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Reinventing support for diversity and inclusion: Passover

Delta Capita strives to be an inclusive and diverse environment in which all employees can thrive regardless of their race, culture or background. We do this by celebrating events that are important to our community and our employees.


HR Director

Tal Solomon
HR Director

Passover, or Pesach in Hebrew, is one of the most important holidays in the Jewish calendar. It commemorates the liberation of the Jewish people from slavery in ancient Egypt. Whilst being of the utmost religious significance, Passover holds a universal message of freedom, resilience, and the celebration of diversity that resonates with people of all backgrounds and beliefs.

The Passover Story and its Religious Significance

The Passover story begins with the Israelites living in Egypt, where they were enslaved by Pharaoh. Their lives were filled with hardship and suffering. Moses was then chosen by God to lead the Israelites out of slavery; and through a series of miraculous events and divine interventions, including the burning bush and the ten plagues, Moses confronted Pharaoh and demanded the release of his people. Whilst Pharaoh is reluctant to let the Israelites leave, God sends ten plagues upon Egypt to persuade Pharaoh to release his chosen people.

Pharaoh finally relents and allows the Israelites to leave. As the Israelites flee, Pharaoh changes his mind and pursues them with his army. God miraculously parts the Red Sea, allowing the Israelites to cross on dry land. When the Egyptians attempt to follow, the waters close, drowning them.

The story ends with the Israelites reaching Mount Sinai, where Moses would receive the 10 Commandments, as well as the rest of the Torah (the Jewish Laws), from God. This event marks the end of the journey from slavery to freedom, whilst also beginning the next step in the history of the Jewish people as they look to enter the Promised Land.

The rules and customs of Passover are deeply rooted in Jewish tradition. Whilst there is a list of fundamental rules associated with Passover, each Jewish community around the world has their own additional traditions that have been passed down from generation to generation.

One of the central rituals of Passover is the Seder, a ceremonial meal where family and friends gather to retell the story of the Exodus, recite special prayers, and partake in symbolic traditions. The seder takes place on the first two nights of the 8-day festival. A key feature at the Seder is the Seder plate, adorned with items each serving as a visual representation of a different aspect of the Passover story. These include:

• Maror: Bitter herbs, symbolising the bitterness of slavery.

• Charoset: A mixture of fruits, nuts, and wine, symbolising the mortar used by the Israelite slaves.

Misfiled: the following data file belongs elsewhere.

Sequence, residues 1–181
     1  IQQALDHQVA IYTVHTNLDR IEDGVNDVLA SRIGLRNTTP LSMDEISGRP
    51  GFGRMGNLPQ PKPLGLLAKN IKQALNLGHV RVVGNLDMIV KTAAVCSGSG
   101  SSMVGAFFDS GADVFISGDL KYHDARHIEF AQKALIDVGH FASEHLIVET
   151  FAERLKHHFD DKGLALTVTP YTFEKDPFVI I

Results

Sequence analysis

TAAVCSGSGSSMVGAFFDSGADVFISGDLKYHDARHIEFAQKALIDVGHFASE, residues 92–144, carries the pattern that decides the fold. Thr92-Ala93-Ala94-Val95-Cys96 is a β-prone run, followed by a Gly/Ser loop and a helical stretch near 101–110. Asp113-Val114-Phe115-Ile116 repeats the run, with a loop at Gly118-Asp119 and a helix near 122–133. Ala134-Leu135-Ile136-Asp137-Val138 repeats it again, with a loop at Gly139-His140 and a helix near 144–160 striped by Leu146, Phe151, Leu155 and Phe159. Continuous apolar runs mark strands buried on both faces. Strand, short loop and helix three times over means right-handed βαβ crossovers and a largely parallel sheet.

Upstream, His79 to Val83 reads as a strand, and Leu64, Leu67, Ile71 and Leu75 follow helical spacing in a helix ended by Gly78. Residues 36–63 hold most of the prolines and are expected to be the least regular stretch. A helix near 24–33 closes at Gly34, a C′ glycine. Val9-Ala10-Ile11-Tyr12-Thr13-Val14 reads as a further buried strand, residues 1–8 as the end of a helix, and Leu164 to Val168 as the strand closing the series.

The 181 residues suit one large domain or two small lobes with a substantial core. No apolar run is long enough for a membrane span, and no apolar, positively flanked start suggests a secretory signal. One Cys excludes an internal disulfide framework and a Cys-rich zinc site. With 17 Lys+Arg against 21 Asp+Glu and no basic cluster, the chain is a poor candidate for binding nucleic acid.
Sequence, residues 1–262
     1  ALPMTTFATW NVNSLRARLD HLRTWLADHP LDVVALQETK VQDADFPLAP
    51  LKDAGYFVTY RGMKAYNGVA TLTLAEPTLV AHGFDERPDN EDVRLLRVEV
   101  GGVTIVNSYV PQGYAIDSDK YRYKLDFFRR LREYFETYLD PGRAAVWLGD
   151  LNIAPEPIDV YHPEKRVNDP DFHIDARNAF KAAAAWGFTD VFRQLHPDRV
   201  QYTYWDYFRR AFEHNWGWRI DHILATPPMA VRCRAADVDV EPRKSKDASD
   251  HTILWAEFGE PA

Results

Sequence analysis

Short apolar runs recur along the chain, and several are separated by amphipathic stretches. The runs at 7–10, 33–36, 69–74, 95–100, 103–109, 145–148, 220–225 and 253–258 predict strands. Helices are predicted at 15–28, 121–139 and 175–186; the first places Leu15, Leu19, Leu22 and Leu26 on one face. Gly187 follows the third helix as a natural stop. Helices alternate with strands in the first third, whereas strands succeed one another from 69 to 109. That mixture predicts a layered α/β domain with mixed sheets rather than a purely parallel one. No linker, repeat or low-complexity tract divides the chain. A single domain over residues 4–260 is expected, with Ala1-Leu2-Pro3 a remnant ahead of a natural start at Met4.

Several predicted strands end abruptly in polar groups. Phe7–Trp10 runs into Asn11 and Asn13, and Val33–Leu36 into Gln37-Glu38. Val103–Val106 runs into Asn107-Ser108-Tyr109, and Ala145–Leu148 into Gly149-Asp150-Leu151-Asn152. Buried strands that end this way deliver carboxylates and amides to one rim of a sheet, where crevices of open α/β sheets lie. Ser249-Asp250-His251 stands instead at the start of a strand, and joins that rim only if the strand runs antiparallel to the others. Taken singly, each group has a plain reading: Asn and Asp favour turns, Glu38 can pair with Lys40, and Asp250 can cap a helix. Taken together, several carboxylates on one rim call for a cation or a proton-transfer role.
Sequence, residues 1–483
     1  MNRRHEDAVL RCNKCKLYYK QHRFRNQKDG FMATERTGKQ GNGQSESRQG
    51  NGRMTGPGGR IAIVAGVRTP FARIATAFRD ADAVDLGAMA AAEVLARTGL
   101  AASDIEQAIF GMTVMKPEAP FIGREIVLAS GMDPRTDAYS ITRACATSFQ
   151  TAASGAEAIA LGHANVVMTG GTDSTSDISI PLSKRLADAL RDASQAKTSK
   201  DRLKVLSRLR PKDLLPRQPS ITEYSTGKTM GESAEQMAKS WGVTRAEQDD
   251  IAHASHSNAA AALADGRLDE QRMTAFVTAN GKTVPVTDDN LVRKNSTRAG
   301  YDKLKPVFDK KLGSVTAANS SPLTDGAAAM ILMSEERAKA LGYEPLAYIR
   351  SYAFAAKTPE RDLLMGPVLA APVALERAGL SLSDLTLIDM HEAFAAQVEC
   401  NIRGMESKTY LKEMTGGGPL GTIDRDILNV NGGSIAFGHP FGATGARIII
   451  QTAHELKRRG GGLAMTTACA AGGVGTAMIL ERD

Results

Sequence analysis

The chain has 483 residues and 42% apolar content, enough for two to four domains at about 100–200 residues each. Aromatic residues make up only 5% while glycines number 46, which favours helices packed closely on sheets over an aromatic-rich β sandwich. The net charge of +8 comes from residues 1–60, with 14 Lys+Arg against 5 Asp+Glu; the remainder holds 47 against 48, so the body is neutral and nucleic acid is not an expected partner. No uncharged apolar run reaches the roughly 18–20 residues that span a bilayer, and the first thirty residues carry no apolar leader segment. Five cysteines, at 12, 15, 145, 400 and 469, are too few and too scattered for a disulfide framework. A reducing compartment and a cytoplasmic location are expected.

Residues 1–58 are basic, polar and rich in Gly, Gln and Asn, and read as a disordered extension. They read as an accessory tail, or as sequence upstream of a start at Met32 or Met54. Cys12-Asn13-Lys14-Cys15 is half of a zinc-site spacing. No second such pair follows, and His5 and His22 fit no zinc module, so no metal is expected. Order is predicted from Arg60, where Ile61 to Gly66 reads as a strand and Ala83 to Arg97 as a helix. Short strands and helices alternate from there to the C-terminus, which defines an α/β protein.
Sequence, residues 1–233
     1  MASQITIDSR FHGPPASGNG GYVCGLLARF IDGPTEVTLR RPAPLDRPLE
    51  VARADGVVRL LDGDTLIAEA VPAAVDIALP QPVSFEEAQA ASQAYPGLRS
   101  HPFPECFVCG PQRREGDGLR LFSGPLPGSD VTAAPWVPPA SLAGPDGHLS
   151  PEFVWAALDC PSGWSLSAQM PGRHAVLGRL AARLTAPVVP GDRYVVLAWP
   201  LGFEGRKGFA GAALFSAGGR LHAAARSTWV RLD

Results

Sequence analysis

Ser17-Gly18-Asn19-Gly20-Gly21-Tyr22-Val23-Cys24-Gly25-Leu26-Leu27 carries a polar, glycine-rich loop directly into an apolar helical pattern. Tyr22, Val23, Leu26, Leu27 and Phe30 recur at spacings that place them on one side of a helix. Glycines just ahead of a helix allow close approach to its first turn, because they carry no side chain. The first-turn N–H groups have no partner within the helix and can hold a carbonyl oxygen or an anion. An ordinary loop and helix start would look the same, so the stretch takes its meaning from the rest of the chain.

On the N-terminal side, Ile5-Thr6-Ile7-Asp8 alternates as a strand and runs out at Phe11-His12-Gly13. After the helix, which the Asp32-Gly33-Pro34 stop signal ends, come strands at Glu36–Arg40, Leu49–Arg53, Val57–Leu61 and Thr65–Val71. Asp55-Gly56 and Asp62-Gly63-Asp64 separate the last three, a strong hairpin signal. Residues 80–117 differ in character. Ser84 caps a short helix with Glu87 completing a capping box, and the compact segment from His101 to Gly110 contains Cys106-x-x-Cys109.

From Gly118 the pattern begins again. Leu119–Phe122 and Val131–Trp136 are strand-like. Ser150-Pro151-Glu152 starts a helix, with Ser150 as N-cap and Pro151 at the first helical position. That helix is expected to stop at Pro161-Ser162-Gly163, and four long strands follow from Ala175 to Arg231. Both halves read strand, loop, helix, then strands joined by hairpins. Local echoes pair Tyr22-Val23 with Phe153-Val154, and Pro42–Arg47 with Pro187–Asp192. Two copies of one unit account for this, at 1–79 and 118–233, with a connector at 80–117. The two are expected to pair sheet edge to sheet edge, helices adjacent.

• Karpas: A vegetable, often parsley or celery, dipped in saltwater symbolising the tears shed during slavery.

• Z'roa: A roasted shank bone, symbolising the Paschal lamb sacrificed in the Temple.

Besides the Seder, a core practice is to refrain from eating chametz, which is any food containing wheat, barley, rye, oats, or spelt that has been allowed to ferment and rise. Instead, Jews will eat Matzah, an unleavened bread. This is to commemorate the haste with which the Israelites left Egypt, not having time to allow their bread to rise.

What we can take from Passover in our day to day lives

There are ideas that can be taken from the story of Passover that extend beyond religious boundaries, resonating with anyone who has experienced oppression or injustice. In a world marked by ongoing struggles for equality and human rights, the message of Passover is more relevant than ever. It serves as a call to action to stand in solidarity with those facing oppression and to work towards creating a more just and inclusive society.

nPassover encourages reflection on the concept of freedom and its implications in our daily lives. It prompts individuals to examine the barriers, both internal and external, that prevent them from living fully and authentically. By confronting these obstacles head-on, one can embark on a personal journey of liberation and self-discovery, much like the Jewish people did thousands of years ago.

The story of Passover is also a testament to the power of community and the strength found in unity. Throughout history, marginalised groups have banded together to resist oppression and advocate for their rights. It serves as a reminder that no matter the obstacles one faces, liberation is attainable through courage, perseverance, and collective action. Passover reminds us of the importance of standing shoulder to shoulder with our neighbours, regardless of differences in faith, culture, or background.

Some ideasPassover is not just a Jewish holiday; its message transcends religious boundaries, inspiring people of all backgrounds to strive for a better, more inclusive world.

Support from Delta Capita

At Delta Capita, we value the well-being of our employees. We wantstaff to feel supported regardless of their race, culture or background.

Are you looking for a new workplace that values diversity and employee well-being? Check out our latest vacancies. Also, find out how Delta Capita is reinventing the workplace through employee-centric projects at our Reinventing Hub.